Category Archives: Fedora

HOWTO: Create an Active/Passive TEAM device in RHEL7

Let’s say you have a few spare NICs and want to put them together in a/n (active/passive) bond.  What do you do?

This write-up is VERY similar to HOWTO: Create a BOND with RHEL7 – but it’s for teaming.

This is also is pretty straight-forward.

First, connect via SSH to an IP on a NIC that WILL NOT be part of the bond.

Using ‘nmcli’ – remove references to the NICs you want IN the bond and reload nmcli:

[root@rhce ~]# nmcli con del ens224 ens256
Connection 'ens224' (92d6456d-16bd-4eae-9ecb-386cb4ce4d29) successfully deleted.
Connection 'ens256' (e52eca2f-8c84-428d-8959-93e85f4b03f3) successfully deleted.
[root@rhce ~]# nmcli con reload

Next, with nmcli, create the bond:

[root@rhce ~]# nmcli con add type team con-name team0 ifname team0 config '{"runner": {"name": "activebackup"}}'
Connection 'team0' (01567cc6-b2da-42ac-adf8-b9085c3f4309) successfully added.

Time to add the two NICs (ens224 & ens256) in:

[root@rhce ~]# nmcli con add con-name team0-ens224 ifname ens224 type team-slave master team0
[root@rhce ~]# nmcli con add con-name team0-ens256 ifname ens256 type team-slave master team0

Optional (I think, but I still do it), modify the team’d device to have an IP and DNS:

[root@rhce ~]# nmcli connection modify team0 ipv4.address "192.168.1.50/24"
[root@rhce ~]# nmcli connection modify team0 ipv4.dns "192.168.1.1,8.8.8.8"

 

Check the state of the team & see which NIC is active:

# teamdctl team0 state
setup:
  runner: activebackup
ports:
  ens224
    link watches:
      link summary: up
      instance[link_watch_0]:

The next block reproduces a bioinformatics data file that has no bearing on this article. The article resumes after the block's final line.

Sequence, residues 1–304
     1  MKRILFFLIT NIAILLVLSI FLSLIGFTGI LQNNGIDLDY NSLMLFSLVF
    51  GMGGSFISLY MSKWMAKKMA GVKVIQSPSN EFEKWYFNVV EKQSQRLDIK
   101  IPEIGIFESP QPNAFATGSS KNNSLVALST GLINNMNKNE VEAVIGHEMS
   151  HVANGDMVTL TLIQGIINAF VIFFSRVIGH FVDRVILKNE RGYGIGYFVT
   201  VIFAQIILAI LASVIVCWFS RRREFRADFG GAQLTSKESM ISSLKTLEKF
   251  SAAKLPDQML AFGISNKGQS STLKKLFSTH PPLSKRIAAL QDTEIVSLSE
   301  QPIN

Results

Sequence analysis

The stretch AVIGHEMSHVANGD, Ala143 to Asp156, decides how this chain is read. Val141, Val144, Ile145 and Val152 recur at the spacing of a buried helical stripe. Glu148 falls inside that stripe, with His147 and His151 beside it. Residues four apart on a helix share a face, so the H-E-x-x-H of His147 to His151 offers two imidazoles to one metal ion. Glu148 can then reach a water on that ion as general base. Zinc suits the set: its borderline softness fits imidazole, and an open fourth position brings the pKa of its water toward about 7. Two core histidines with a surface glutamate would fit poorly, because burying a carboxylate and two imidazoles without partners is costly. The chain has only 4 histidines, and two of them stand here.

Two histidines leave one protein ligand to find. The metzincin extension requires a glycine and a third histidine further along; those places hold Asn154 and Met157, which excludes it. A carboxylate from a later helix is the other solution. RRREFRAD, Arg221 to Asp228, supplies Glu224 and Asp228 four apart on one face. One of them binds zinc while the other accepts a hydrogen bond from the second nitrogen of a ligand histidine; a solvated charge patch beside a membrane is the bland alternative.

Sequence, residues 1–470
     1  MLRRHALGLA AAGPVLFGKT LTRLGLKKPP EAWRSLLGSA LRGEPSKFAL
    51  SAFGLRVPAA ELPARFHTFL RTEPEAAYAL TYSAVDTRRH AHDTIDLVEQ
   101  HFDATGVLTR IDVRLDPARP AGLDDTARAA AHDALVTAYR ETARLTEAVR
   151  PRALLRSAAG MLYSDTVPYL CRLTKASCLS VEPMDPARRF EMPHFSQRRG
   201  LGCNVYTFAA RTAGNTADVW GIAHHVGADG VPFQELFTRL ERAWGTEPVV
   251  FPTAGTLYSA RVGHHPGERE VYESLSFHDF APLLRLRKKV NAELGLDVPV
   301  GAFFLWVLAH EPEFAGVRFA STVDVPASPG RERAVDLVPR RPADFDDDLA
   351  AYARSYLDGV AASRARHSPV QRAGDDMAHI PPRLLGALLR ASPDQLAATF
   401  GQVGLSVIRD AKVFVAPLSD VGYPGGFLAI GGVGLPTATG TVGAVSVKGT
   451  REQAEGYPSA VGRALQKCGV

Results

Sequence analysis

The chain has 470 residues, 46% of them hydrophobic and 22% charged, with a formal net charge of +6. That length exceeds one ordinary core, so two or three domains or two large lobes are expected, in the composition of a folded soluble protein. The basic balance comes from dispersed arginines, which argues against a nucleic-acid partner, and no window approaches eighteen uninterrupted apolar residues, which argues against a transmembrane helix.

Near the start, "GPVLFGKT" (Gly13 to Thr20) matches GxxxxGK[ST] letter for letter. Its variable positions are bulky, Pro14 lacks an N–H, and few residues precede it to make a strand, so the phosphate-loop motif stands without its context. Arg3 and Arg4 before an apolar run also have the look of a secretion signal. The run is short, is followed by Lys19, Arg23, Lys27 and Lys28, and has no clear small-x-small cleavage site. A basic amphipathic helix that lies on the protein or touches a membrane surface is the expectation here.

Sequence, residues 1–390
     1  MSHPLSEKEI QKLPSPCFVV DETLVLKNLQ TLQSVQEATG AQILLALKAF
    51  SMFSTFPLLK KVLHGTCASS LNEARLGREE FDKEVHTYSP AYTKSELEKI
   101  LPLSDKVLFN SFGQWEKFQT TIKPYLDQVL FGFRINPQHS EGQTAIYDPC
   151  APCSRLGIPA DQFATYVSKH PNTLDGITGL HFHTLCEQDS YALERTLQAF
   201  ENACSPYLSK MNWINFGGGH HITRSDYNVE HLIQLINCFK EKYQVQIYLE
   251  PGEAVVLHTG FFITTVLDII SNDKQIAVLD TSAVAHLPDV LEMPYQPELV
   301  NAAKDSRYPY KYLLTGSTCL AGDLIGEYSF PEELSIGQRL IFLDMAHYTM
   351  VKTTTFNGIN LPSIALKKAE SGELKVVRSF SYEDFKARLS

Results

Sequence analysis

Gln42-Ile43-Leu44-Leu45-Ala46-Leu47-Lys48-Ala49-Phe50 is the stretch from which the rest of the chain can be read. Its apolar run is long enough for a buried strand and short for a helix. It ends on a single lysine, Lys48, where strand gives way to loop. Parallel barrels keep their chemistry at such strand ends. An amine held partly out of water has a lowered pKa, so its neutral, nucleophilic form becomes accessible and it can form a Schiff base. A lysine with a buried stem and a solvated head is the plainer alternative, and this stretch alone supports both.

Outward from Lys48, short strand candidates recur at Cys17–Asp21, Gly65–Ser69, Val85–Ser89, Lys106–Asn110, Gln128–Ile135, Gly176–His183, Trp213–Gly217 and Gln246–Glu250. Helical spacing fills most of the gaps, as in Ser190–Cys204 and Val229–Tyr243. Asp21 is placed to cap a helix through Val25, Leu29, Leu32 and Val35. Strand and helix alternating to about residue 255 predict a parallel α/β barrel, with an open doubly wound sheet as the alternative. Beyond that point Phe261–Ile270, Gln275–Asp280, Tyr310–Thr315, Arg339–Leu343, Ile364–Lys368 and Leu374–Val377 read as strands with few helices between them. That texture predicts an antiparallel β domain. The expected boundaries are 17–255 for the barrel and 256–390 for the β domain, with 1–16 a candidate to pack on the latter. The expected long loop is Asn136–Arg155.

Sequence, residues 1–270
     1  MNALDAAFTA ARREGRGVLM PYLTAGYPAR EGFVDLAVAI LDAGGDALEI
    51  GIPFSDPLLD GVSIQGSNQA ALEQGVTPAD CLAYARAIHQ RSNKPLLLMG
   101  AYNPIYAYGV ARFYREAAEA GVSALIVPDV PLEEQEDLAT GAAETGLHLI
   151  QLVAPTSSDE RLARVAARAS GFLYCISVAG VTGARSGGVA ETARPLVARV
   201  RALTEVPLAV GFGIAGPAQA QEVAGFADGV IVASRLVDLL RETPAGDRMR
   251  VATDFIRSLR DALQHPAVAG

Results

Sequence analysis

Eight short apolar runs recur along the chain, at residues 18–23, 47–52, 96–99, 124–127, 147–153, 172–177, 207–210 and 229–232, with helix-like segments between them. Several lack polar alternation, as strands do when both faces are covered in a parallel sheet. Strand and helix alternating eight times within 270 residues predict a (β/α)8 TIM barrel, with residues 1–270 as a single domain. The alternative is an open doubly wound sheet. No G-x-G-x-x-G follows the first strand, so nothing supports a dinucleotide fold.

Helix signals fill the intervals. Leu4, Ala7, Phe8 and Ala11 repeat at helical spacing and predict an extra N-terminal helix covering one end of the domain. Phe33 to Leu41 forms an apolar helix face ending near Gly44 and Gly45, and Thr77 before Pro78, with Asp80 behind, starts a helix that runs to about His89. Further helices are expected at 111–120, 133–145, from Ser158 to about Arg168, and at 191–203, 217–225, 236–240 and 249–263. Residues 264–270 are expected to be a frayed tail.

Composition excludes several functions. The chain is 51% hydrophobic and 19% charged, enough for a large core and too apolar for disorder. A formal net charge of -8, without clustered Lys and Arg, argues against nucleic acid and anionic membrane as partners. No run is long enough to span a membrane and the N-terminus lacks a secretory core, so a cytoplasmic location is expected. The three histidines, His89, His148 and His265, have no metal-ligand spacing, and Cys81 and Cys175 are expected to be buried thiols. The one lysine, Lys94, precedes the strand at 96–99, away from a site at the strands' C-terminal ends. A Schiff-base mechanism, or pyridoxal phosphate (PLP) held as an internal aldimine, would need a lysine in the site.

name: ethtool
        link: up
        down count: 0
  ens256
    link watches:
      link summary: up
      instance[link_watch_0]:
        name: ethtool
        link: up
        down count: 0
runner:
  active port: ens224

Looks like ens224 (first NIC) is active; let’s pull the cable, start a PING test, & see what happens:

[root@rhce ~]# ping 192.168.1.50
PING 192.168.1.50 (192.168.1.50) 56(84) bytes of data.
64 bytes from 192.168.1.50: icmp_seq=1 ttl=64 time=0.140 ms
64 bytes from 192.168.1.50: icmp_seq=2 ttl=64 time=0.167 ms
64 bytes from 192.168.1.50: icmp_seq=3 ttl=64 time=0.167 ms
64 bytes from 192.168.1.50: icmp_seq=4 ttl=64 time=0.172 ms
64 bytes from 192.168.1.50: icmp_seq=5 ttl=64 time=0.166 ms
64 bytes from 192.168.1.50: icmp_seq=6 ttl=64 time=0.171 ms
64 bytes from 192.168.1.50: icmp_seq=7 ttl=64 time=0.153 ms
64 bytes from 192.168.1.50: icmp_seq=8 ttl=64 time=0.181 ms
64 bytes from 192.168.1.50: icmp_seq=9 ttl=64 time=0.172 ms
64 bytes from 192.168.1.50: icmp_seq=10 ttl=64 time=0.194 ms
64 bytes from 192.168.1.50: icmp_seq=11 ttl=64 time=0.172 ms
64 bytes from 192.168.1.50: icmp_seq=12 ttl=64 time=0.172 ms
64 bytes from 192.168.1.50: icmp_seq=13 ttl=64 time=0.172 ms
64 bytes from 192.168.1.50: icmp_seq=14 ttl=64 time=0.191 ms
64 bytes from 192.168.1.50: icmp_seq=15 ttl=64 time=0.165 ms
64 bytes from 192.168.1.50: icmp_seq=16 ttl=64 time=0.155 ms

Nothing strange there … what about the team?

[ root@rhce ~]# teamdctl team0 state
setup:
  runner: activebackup
ports:
  ens256
    link watches:
      link summary: up
      instance[link_watch_0]:
        name: ethtool
        link: up
        down count: 0
  ens224
    link watches:
      link summary: down
      instance[link_watch_0]:
        name: ethtool
        link: down
        down count: 1
runner:
  active port: ens256

It switched to ens256 & didn’t drop a ping.

Looks like you got an active/passive team working successfully!